Improving social norms interventions: Rank-framing increases excessive alcohol drinkers' information-seeking.
journal contributionposted on 2015-05-07, 10:24 authored by M. J. Taylor, I. Vlaev, John J. Maltby, G. D. A. Brown, A. M. Wood
Objective: Two types of social norm message frame for encouraging seeking of alcoholrelated health information by excessive drinkers were compared: (a) how much the average person actually drinks, and (b) how their drinking ranks amongst others. It was hypothesized, in accordance with recent evidence of how the brain represents value, that frame (b) would be more effective than frame (a). This is the first test comparing these frames in any domain of social norms research. Methods: United Kingdom university students with excessive alcohol intake (n = 101, 66 female) were sent four weekly messages containing one of four types of information depending upon the experimental condition to which each participant was randomly allocated: (1) Official alcohol consumption guidelines; (2) how their alcohol consumption compared to official guidelines; (3) how their consumption compared to the sample mean; or (4) how their consumption ranked amongst the sample. They then had the opportunity to request up to 3 types of alcohol-related health information. Results: Participants informed of how their consumption ranked were more likely to request information (p < .01, OR = 6.0) and tended to request a greater number of types of information (p < .01, Wald = 7.17) than those in other conditions. Conclusions: Informing excessive drinkers of how their alcohol consumption ranked was more effective in eliciting their seeking of alcohol-related health information than informing them of how their consumption compared to the mean. Research investigating the effectiveness of this message frame in social norms interventions more generally is needed.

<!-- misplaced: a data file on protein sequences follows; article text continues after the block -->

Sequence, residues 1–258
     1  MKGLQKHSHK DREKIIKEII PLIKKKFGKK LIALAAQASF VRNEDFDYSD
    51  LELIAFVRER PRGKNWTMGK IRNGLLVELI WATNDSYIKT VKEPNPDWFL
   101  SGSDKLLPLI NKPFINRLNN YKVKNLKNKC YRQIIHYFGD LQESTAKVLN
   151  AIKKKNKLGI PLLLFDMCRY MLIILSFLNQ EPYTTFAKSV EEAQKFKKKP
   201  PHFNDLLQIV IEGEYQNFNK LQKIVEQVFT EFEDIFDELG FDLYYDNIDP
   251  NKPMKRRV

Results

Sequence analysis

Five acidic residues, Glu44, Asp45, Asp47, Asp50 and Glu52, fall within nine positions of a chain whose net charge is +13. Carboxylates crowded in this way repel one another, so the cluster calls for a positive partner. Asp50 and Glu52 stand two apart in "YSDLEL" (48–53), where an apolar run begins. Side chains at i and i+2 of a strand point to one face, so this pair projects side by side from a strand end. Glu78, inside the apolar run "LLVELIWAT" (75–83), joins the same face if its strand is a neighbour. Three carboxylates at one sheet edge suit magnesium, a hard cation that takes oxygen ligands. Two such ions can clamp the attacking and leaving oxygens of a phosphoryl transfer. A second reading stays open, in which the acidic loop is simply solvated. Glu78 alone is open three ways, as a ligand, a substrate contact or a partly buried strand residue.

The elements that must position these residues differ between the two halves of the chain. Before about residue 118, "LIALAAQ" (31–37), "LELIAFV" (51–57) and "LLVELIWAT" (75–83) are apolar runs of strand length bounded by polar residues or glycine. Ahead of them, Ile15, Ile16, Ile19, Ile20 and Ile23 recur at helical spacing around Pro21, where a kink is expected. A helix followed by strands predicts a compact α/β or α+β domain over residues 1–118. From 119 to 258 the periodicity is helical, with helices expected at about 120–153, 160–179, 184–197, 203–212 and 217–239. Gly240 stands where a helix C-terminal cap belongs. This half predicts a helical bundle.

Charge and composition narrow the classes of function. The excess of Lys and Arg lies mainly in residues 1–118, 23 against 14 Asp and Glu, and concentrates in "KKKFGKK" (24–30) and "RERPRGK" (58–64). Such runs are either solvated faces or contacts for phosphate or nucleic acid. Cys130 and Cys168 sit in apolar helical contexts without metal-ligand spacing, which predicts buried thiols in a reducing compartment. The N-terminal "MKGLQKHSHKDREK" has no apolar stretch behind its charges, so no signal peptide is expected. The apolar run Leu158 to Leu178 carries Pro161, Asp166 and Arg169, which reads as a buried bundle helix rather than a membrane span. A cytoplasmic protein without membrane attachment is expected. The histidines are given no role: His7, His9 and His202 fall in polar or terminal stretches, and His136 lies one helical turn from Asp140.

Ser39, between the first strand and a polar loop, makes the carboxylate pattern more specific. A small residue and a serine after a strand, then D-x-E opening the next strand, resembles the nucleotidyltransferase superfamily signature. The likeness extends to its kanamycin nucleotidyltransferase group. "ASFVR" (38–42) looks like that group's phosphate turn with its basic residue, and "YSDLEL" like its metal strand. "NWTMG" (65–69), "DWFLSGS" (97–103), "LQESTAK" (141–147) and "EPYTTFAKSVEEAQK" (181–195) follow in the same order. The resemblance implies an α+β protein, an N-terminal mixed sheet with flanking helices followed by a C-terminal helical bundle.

This research was supported by ESRC Grants ES/K00588X/1 and ES/K002201/1, grant RP2012-V-022 from the Leverhulme Trust, and the CLAHRC for NW London grant number WSSS P28024. This article presents independent research commissioned by the National Institute for Health Research (NIHR) under the Collaborations for Leadership in Applied Health Research and Care (CLAHRC) programme for North West London.
CitationHealth Psychology, 2015, 34 (12), pp. 1200-1203
Author affiliation/Organisation/COLLEGE OF MEDICINE, BIOLOGICAL SCIENCES AND PSYCHOLOGY/School of Psychology
- AM (Accepted Manuscript)